The report also showed that within Philadelphia, there’s a sizable concentration of facilities that offer American Society of Addiction Medicine (ASAM) levels of care.

“There are some levels that have a great deal of facilities like a 3.5 which is most common of the inpatient facility type. Also, the 1.0’s, which might provide both buprenorphine or methadone,”  said Kelly. “12 include methadone.”

The bigger issue is that they’re mostly located  within Center City, she said.

“And if you live in certain parts of the city — towards the Northeast, towards the Northwest and in West Philadelphia — there may or may not be that much access to care in those regions, especially if you need to access more than one level of care,” she said.

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Kelly said that it’s a pervasive issue among the people they served.

“Especially those who are staying in a methadone program, they need to go every day to get their medication, and the amount of time that it takes to get to these facilities becomes pretty critical,” she said.

Kelly said that they also looked at where services were offered — in which neighborhoods —  while analyzing demographics like race and ethnicity.

“Although historically, we think of this as being a crisis that has affected white people,” she said, “we’ve seen … a lot of the locations of care are actually predominantly within Black neighborhoods, and they’re sort of on the outskirts of white neighborhoods.”

Language as a barrier to care

Another barrier is language. Megan Reed called access to care for Spanish speakers “not good.”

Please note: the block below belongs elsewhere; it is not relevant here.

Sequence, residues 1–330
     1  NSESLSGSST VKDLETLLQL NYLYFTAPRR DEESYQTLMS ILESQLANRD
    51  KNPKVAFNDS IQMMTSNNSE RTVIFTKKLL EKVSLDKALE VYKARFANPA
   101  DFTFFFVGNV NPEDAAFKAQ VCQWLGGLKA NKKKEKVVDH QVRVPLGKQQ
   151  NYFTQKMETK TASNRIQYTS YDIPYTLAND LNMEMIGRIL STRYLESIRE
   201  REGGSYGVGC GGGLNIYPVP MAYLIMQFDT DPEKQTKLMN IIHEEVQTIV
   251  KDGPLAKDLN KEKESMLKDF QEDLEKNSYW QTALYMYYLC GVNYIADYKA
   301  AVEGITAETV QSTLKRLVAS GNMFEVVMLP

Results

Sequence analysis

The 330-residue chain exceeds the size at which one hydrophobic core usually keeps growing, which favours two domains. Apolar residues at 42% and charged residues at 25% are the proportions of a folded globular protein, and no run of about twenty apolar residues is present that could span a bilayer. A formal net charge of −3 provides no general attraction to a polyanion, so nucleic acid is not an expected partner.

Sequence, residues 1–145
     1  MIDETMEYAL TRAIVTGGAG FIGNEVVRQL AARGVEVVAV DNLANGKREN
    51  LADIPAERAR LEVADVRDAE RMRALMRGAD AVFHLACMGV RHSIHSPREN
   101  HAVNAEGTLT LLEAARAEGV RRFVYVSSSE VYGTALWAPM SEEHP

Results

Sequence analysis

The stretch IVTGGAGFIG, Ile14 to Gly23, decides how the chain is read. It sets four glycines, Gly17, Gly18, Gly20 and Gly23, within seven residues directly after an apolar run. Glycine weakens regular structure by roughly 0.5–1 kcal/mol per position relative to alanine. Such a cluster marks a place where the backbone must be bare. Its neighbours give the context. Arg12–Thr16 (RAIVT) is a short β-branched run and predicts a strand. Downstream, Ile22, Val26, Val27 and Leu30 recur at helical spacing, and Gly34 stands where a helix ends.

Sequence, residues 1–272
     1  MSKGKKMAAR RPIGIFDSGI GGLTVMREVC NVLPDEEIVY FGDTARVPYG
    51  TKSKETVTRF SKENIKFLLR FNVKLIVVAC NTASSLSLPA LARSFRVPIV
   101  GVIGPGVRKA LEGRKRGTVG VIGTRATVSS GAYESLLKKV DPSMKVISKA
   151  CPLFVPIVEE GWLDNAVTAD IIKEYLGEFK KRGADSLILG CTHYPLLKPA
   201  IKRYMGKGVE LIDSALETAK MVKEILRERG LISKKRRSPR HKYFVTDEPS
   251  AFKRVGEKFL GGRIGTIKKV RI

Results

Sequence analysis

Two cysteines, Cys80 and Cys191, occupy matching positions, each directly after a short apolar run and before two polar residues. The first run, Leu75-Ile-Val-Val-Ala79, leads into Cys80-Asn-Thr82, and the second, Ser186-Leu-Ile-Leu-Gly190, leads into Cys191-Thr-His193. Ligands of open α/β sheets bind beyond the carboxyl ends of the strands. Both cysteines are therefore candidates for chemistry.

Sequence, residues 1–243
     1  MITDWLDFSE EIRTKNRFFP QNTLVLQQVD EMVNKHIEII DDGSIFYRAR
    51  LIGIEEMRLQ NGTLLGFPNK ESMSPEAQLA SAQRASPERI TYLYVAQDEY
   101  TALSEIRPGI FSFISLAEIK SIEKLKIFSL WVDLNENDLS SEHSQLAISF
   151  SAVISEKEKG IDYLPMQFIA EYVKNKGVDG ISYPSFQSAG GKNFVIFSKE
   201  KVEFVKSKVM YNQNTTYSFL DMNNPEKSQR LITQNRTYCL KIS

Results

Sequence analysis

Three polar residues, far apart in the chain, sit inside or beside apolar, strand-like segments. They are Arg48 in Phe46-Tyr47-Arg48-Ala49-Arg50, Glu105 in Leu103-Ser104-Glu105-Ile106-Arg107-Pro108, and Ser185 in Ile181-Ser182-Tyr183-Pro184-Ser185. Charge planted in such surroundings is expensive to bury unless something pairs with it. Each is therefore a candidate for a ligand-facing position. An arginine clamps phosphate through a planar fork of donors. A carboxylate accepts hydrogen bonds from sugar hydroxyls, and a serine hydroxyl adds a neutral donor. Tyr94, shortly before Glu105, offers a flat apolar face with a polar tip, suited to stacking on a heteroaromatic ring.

“We had a focus group with Latino people that was in a recovery house,” she said. “We held that focus group in Spanish, and they gave many instances of experiencing discrimination. And even when the care was good, they weren’t able to, for example, go to groups with other people. They weren’t able to fully participate in that. There’s a huge lack of bilingual staff across treatment programs. Whatever the treatment type is.”

In one meeting, a community member talked about the process of trying to get methadone treatment.

“One man described being in the jail system here in Philadelphia and said that it had taken him three weeks to get back on his methadone dose — even though he’d been on methadone before he went into jail — because he couldn’t speak to anybody and communicate that he was a methadone patient,” she said. “So that really compromised his recovery process.”

Policy recommendations

Reed and Kelly concluded their study with a set of policy recommendations, including increasing financial, housing and transportation services; expanding alternative treatment locations; increasing inpatient treatment slots; and supporting increased use of telehealth.

“It’s really important to meet people where they’re at and to give them that person-centered care,” Reed said. “It’s very important that we keep giving out Narcan, test strips, syringes and other services to people and those can be great entry points into treatment themselves. If somebody’s being provided with really empathetic care who’s actively using substances, they’re more likely to trust that people providing that care to link them into treatment. So I think continuing to support harm reduction programs in Philadelphia is incredibly important.”

And these recommendations will be taken to City Hall.

“We’ve had that longitudinal relationship with DBHIDS city of Philadelphia Department of Behavioral Health and Intellectual disAbility Services” said Reed. “But we’re also hoping to get it in front of City Council and the Parker administration as well.”